[Read: How to Use Retirement Accounts to Reduce Your 2018 Tax Bill.]

How to invest your HSA. Before getting an HSA, think about the contributions you’ll be able to make. “You’re only going to get the most out of your HSA if you can afford to make contributions to your account on a regular basis, at least until you have enough to cover an annual deductible,” Zamosky says.

Also keep in mind that the money you put into the account remains yours. Even if you switch jobs, the account will continue to belong to you. This means you can incorporate your HSA into long-term savings plans. You can invest the money in your HSA in stocks, mutual funds, exchange-traded funds and other investment options, depending on how soon you expect to need the money. “Younger and healthier employees can max out their HSA deferrals, and if they only use a portion each year to pay premiums but incur no additional expenses, then they will have balances that accumulate and earn compound interest over time,” Kozak says. “Similarly, older and wealthier employees can max out their HSA deferrals.” If you have other funds that can be used to pay current medical expenses, you’ll be able to let the money remain in your HSA. This eventually can provide a source of funding to cover health care expenses in retirement.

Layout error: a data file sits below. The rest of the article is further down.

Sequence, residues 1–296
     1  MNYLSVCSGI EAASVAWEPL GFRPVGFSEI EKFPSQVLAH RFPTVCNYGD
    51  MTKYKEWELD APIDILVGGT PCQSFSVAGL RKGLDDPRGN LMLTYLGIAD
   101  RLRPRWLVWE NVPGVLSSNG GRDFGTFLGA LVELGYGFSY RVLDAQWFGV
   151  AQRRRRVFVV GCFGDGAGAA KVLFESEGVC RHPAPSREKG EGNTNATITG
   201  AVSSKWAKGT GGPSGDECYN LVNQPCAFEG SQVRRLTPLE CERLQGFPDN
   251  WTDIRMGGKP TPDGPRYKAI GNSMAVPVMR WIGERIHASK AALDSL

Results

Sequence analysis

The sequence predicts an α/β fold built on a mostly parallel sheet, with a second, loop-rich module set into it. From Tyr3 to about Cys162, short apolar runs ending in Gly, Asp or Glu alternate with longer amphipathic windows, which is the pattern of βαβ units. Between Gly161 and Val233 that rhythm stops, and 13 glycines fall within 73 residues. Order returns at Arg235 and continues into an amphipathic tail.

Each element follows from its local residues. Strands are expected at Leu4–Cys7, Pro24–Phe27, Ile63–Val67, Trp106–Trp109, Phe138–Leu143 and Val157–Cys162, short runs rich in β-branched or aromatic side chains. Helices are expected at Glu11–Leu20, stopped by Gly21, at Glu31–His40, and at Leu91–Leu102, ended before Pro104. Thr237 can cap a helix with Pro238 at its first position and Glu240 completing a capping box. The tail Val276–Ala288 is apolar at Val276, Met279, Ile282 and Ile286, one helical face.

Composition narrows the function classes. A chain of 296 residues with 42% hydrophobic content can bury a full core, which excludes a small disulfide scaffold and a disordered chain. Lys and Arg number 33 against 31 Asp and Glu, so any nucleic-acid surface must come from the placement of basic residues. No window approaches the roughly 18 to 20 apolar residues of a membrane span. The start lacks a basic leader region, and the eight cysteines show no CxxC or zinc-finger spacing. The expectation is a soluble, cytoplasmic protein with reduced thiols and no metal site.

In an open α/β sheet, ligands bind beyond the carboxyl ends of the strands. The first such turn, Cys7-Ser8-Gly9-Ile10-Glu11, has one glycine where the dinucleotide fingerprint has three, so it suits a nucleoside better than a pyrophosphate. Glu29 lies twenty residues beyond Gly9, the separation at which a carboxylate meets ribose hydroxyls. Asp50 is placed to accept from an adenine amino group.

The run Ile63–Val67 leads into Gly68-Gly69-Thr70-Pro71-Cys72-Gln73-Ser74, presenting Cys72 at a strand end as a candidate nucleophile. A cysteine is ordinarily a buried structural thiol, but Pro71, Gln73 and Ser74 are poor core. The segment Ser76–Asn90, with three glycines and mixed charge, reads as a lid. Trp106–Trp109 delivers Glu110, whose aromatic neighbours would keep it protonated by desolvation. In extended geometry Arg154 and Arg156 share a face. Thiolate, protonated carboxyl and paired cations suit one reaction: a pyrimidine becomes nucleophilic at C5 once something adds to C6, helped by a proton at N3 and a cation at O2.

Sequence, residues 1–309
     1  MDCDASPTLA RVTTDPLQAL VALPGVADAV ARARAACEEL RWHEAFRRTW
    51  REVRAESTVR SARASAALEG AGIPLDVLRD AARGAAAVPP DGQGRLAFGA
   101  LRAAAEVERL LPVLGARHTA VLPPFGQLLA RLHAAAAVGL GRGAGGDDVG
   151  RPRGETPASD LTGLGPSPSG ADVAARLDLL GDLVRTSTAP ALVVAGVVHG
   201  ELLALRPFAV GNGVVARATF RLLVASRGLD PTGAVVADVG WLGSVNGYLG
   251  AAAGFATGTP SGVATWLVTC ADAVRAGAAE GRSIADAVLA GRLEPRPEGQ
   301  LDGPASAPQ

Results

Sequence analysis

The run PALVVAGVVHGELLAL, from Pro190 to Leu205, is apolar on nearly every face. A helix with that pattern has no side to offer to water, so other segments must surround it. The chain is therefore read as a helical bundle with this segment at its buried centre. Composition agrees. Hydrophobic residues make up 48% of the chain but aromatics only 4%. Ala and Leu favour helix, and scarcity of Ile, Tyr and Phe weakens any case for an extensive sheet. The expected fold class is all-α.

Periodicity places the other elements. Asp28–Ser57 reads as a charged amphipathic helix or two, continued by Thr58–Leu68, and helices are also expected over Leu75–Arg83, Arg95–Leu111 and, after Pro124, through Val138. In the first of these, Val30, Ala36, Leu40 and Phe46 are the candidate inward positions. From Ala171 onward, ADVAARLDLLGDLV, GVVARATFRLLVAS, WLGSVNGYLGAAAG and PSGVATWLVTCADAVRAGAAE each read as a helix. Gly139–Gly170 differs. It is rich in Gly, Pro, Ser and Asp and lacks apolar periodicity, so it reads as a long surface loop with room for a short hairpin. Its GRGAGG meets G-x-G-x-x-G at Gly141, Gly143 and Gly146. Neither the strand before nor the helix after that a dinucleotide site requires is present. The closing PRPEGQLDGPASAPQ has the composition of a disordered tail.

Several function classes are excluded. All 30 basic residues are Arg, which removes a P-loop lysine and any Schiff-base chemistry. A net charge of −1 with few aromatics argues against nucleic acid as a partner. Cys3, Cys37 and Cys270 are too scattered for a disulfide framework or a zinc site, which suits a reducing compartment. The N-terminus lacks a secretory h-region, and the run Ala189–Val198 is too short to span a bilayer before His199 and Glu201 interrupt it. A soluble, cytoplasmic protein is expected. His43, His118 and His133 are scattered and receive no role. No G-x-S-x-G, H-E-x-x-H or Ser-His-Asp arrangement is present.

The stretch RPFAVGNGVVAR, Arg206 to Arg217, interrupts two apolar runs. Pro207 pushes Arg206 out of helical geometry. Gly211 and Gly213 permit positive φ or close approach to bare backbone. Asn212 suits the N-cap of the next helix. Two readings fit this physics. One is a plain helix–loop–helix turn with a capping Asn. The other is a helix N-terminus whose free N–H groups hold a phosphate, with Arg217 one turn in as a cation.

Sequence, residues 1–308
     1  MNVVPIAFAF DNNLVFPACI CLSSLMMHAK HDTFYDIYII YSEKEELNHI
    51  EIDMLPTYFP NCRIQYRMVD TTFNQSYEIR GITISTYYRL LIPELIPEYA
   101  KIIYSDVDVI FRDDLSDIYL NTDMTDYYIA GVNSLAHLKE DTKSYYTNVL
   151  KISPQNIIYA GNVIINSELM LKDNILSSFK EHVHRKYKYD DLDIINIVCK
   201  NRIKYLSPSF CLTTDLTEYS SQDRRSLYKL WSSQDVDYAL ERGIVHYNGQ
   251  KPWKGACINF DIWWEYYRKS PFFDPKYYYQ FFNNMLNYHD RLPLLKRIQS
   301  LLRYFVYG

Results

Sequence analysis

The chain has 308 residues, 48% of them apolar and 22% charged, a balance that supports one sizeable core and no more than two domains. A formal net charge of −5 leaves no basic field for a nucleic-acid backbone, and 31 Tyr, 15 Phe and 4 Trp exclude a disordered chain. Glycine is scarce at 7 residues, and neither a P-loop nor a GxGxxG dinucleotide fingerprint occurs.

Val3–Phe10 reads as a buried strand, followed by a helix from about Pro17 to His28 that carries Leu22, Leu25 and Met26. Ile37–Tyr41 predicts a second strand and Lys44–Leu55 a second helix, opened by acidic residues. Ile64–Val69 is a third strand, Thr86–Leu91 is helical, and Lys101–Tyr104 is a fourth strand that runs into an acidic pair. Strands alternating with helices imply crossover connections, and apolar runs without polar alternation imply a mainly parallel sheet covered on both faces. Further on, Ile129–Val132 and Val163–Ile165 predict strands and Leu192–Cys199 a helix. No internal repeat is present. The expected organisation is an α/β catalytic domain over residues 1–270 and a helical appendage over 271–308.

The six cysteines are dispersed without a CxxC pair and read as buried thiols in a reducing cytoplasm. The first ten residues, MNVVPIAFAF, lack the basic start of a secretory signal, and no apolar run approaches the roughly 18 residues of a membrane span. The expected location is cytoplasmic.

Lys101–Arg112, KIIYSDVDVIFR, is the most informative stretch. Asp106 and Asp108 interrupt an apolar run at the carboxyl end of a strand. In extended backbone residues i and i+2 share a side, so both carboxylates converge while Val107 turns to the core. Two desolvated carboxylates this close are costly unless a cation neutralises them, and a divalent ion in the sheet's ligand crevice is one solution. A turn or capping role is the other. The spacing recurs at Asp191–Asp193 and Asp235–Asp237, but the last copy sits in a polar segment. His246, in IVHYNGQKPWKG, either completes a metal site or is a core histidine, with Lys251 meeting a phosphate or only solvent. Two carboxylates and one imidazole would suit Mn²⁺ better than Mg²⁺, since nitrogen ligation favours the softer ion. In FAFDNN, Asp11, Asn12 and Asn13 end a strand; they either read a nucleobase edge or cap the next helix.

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What Is a Health Savings Account? originally appeared on usnews.com